In discussing the birth of political economy in Europe and the shift away from a sovereign-based notion of rule, Michel Foucault points to the centrality of “the problem of the population” to the art of modern government.14 The demographic expansion of the eighteenth century coupled with the new science of political economy enabled a form of governance that for the first time in Western political history took the welfare of the population as its end. Eighteenth-century institutions such as schools, armies, and factories served not only their immediate practical ends but also aimed at managing the population in its details. They contributed to the production of subjects who internalized discipline and reproduced it on a daily basis in their relationship to their bodies, society, and authority. In that sense, modern state institutions are directly linked to the kind of relationship forged between the state and its citizens.
The Ottoman Empire faced similar challenges in its regeneration as a state, and many of the reforms undertaken were at least inspired by modern state institutions in the rest of Europe, particularly France. In the process of “stretching the short, tight skin of the nation over the gigantic body of the empire,” to borrow a metaphor from Benedict Anderson, the population increasingly became a category of political management.15 Whereas earlier reforms under Sultan Mahmud II (r. 1808–1839) focused on strengthening the army and increasing state revenue through taxation, towards the mid-nineteenth century, reforms began to deal more directly with the population as a category to be mapped, molded, and managed.16 Although the financial difficulties standing in the way of implementing these reforms consistently throughout the empire meant that they had a limited effect in homogenizing the population into a national entity, they did contribute to shaping the terrain on which the inhabitants of the empire, both Muslim and non-Muslim, could talk about themselves as Ottoman citizens and as modern.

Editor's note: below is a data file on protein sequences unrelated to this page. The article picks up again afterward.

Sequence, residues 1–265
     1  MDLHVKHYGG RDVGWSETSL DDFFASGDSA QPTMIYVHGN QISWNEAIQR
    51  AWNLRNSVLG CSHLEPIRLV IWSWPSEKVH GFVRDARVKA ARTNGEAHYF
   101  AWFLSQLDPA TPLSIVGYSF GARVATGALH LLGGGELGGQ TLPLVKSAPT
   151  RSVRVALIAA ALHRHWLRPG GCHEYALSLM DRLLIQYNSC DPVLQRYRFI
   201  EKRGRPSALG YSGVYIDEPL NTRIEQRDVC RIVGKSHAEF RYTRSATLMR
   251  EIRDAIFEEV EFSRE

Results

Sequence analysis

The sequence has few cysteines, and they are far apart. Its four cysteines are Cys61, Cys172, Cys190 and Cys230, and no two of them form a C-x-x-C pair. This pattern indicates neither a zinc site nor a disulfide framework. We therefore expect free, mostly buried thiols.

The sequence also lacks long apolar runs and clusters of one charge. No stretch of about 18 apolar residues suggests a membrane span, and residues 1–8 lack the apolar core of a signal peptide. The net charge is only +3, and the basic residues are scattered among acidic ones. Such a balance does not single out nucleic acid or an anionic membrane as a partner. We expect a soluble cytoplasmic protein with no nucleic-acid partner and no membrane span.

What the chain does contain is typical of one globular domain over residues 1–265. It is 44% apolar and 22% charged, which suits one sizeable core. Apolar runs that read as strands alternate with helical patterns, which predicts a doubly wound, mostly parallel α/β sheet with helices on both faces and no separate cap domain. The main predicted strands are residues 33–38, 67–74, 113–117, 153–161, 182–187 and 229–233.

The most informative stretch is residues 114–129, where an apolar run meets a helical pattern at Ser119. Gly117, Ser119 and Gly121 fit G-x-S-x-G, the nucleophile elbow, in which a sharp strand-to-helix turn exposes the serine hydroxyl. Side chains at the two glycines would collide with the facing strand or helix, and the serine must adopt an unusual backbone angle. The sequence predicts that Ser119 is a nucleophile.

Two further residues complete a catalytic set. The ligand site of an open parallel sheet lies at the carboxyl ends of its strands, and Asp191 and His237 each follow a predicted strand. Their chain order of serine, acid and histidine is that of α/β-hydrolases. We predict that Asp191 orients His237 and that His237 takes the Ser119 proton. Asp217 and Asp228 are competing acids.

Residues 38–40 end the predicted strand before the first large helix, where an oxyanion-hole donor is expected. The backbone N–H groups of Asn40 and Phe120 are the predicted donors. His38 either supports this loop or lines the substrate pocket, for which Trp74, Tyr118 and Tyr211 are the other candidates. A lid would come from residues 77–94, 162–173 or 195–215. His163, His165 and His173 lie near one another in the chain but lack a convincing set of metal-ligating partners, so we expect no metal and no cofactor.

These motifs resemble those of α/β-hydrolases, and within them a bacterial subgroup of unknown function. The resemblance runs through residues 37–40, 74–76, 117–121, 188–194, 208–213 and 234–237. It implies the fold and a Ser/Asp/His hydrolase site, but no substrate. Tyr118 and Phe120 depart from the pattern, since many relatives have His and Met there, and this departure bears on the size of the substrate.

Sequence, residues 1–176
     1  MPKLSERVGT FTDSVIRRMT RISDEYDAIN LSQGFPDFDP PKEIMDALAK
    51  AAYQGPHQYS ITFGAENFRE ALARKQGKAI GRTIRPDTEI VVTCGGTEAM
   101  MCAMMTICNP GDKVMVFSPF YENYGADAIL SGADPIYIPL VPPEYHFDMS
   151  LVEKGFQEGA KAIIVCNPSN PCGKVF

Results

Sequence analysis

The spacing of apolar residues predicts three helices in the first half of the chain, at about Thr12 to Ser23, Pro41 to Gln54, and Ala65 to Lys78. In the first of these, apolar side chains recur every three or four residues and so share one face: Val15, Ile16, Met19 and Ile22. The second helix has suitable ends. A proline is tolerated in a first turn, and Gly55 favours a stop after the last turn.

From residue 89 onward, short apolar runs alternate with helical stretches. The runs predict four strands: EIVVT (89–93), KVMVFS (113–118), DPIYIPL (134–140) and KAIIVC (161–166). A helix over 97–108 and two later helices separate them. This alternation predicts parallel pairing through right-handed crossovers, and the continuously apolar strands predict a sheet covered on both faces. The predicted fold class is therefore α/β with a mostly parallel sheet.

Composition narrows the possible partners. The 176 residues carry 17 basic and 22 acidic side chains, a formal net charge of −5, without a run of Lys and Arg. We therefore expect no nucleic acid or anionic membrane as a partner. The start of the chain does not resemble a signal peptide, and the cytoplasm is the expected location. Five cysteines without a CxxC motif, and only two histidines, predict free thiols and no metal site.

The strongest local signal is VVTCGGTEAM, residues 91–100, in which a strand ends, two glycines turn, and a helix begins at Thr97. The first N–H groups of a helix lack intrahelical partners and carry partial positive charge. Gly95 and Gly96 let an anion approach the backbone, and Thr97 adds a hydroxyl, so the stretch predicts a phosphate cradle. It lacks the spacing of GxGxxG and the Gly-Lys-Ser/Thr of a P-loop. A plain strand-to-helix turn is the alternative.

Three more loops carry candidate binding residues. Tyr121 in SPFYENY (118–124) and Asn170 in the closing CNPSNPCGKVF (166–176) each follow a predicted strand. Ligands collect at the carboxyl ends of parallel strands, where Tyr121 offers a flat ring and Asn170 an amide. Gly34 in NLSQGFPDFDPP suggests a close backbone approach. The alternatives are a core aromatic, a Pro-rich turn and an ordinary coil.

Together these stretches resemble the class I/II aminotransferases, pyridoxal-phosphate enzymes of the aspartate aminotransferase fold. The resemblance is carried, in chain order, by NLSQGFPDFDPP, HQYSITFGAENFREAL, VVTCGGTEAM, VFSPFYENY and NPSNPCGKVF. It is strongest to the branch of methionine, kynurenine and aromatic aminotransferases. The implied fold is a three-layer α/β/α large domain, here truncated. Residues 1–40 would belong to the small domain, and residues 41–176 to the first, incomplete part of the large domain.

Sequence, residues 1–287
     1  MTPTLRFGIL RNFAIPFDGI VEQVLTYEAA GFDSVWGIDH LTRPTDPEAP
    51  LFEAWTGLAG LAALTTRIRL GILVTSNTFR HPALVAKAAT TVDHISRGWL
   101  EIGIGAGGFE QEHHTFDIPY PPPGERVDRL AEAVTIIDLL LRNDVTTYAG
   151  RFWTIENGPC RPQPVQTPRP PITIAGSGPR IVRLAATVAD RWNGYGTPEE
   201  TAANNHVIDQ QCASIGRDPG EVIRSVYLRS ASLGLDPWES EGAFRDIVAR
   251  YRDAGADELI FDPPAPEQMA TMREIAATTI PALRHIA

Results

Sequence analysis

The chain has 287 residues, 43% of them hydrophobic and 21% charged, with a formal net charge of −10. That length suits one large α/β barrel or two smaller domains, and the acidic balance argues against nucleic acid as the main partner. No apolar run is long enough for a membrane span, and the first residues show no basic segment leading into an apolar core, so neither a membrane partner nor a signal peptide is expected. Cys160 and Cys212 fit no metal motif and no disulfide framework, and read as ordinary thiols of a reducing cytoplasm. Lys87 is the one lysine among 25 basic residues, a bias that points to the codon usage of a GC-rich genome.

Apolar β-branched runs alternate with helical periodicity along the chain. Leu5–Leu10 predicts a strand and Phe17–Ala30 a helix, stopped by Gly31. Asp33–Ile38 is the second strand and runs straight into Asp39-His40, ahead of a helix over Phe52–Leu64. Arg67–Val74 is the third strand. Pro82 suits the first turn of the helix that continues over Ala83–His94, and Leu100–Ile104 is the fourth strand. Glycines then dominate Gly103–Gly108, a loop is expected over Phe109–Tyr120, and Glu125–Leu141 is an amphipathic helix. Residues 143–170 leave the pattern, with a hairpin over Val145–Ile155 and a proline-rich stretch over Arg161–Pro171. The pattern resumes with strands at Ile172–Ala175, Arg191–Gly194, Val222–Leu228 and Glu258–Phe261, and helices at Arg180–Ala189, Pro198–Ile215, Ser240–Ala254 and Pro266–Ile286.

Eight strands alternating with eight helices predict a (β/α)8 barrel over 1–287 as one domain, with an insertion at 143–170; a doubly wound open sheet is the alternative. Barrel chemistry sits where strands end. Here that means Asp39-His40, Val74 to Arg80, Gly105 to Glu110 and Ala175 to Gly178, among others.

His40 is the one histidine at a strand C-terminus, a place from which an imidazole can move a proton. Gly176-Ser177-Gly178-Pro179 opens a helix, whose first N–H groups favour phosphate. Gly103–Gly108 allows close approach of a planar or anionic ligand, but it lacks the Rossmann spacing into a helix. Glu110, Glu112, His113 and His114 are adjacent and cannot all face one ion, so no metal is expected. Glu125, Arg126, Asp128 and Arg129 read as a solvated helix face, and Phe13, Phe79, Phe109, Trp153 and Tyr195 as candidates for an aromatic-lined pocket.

This new form of governance instituted a dynamic in the relationship between the imperial center and the peripheries of the empire. A rising concern for the imperial capital was tying far-flung regions directly to the center through administrative and bureaucratic hierarchies.17 Both the vocabulary that entered the language of Ottoman policymakers and many of the reform efforts in the provinces took shape in conjunction with local visions of modernity, with the result that this more modern governance was most successful where twinned with a local desire for self-governance and an appetite for forging a localized modernity capable of living up to the challenges posed by a world knit tighter by new technologies, modes of transport, and trade patterns.
The development of provincial urban centers became the material expression of a constructive tension between bureaucratic centralization and the forging of a common Ottoman identity on the one hand and the manifestation of such an identity on the urban level in collaboration with “enlightened” Ottoman subjects on the other hand. Cities were important in the Ottoman polity, both as provincial centers of rule and as faces of the empire’s modernity. Urban management brought together the earliest forms of political representation, new technologies of transportation and services, and the management of urban population growth.